GOP tax heresy regarding the AMT?
Wednesday, October 17, 2007
Charles Grassley might be getting some calls from his Republican colleagues about his latest position on the alternative minimum tax.
Tax publisher BNA reports that Grassley (R-Iowa), the ranking minority member on the Senate Finance Committee, would be willing to accept tax increases on the wealthiest Americans as a way to help finance repeal of the AMT.
Grassley has previously noted that he prefers to repeal the costly parallel tax system without requiring Congress to worry about offsets. But since legislative pay-go rules prohibit that, Grassley and his colleagues will have to come up with the money that the government will lose if AMT collections are stopped. As blogged previously, that would be a "staggering" amount.
Not too long ago, Grassley was thought to be a supporter of taxing private equity carried interest as a way to offset other tax fixes, such as AMT. However, he apparently has changed his mind, as noted in this Financial Week story.
Other efforts: In January, Grassley and Max Baucus (D-Mont.), the Finance Committee's chairman, introduced a bill to eliminate the AMT. calling for the death of the stealth tax that lawmakers on both sides of the aisle have criticized.
And Ways and Means Committee Chairman Charles Rangel (D-N.Y.), is calling for the "mother of all tax reforms," which includes doing away with the AMT. Details in this earlier blog post.
The smart money, however, is on a short-term fix that will prevent around 23 million taxpayers from facing the AMT. The biggest problem is that when the tax was created in 1969 to nab the rich of that day (155 filers making $200,000 and who were avoiding payment of any federal taxes), it wasn't indexed for inflation.
So Congress periodically adjusts the exemption amount upward. Currently, the amounts are $42,500 for single filers and $62,550 for joint filers. If no legislative action is taken, for tax year 2007 they will drop to $35,750 for single filers and $45,000 for married filers.
More info: Other Don't Mess With Taxes bloggings about the AMT can be found here (the Advocate and the AMT) and here (AMT across the USA).
Joe Kristan, who writes the Tax Update Blog for Roth CPA, has more here, as does TaxProf here and the Wall Street Journal's Washington Wire here.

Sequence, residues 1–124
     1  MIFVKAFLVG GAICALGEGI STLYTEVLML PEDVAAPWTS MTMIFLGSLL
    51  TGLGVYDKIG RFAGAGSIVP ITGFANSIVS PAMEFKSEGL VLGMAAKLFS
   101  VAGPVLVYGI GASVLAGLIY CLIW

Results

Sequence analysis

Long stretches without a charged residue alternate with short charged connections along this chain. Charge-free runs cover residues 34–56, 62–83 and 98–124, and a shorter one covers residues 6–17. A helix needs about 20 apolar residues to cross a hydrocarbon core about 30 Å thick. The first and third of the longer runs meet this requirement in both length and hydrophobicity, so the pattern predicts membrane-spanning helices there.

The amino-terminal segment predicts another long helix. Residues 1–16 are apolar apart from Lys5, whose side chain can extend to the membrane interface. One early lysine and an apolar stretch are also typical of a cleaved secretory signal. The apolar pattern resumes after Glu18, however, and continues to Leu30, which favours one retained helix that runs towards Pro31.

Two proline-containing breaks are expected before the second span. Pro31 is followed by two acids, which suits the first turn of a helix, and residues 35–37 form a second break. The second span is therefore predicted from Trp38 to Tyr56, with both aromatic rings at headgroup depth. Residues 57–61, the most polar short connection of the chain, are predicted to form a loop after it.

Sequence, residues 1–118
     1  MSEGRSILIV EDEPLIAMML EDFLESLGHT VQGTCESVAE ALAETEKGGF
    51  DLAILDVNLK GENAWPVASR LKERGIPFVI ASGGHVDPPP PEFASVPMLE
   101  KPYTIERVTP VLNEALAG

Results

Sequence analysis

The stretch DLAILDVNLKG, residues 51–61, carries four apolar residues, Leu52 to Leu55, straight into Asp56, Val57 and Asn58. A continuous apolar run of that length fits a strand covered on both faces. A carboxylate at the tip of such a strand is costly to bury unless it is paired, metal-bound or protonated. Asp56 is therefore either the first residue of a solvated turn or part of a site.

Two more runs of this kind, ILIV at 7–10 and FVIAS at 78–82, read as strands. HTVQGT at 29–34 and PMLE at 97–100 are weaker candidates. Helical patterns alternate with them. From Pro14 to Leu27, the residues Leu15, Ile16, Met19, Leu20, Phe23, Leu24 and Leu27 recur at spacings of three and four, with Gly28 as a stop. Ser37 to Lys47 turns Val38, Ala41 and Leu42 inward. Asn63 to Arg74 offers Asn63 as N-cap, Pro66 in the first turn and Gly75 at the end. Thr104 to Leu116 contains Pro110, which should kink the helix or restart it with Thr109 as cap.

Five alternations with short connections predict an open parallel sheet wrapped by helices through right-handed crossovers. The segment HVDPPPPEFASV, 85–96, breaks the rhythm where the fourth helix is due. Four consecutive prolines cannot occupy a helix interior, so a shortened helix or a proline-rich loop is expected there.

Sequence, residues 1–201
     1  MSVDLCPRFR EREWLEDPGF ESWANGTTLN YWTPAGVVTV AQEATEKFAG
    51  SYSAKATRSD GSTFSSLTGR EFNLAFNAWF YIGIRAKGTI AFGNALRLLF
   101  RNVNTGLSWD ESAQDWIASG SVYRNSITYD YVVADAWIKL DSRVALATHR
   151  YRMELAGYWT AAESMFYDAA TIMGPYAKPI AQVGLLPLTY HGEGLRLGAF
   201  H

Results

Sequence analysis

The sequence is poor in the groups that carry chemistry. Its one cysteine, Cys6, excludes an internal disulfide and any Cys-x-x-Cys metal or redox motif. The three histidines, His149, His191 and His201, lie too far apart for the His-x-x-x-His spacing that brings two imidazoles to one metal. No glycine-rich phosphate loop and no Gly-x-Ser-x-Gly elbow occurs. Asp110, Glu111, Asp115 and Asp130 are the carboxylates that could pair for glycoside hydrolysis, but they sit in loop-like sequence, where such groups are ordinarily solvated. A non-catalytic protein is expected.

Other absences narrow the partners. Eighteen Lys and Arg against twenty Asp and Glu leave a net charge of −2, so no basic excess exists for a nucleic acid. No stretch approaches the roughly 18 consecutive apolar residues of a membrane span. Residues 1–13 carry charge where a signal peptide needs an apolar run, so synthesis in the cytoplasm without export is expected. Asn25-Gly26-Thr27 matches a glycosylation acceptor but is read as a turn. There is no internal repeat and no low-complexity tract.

And the OMB Watch blog has info here on planned AMT hearings in the Senate.
That's perfect then. Leaving those thresholds intact, the USD will eventually inflate to the point where more people are paying the flat rate and fewer people are paying a progressive rate.
After a decade or two (running surpluses to pay down some of the debt) under that scenario, abolish the main system leaving the simpler, flat "Alternative" Minimum Tax in place. If the budget surpluses are obscene, ratchet down the flat rate to reality. (Though I have to believe that the majority of elected officials will have no problem finding places to spend a surplus.)
This would be known as backing into tax reform, perhaps a politically expedient way to do so.
Posted by: Steve Austin | Friday, October 19, 2007 at 09:52 AM
The AMT is roughly a flat 28% on income exceeding $175k by removing many common tax deductions. However, it can affect incomes as low as $75k. Given the rapid increase in wages and cost-of-living since the AMT went into effect, this tax could hit many people very hard when they're not expecting it.
Posted by: Joel | Thursday, October 18, 2007 at 07:09 PM
I've read this sentiment elsewhere on occasion, but doesn't AMT == flat tax? The system to bag is the main one, leaving the simple, efficient "stealth" AMT behind to tax everyone's incomes at the same rate. That outta close the budget deficit in no time and start melting the debt.
Posted by: Steve Austin | Thursday, October 18, 2007 at 04:11 PM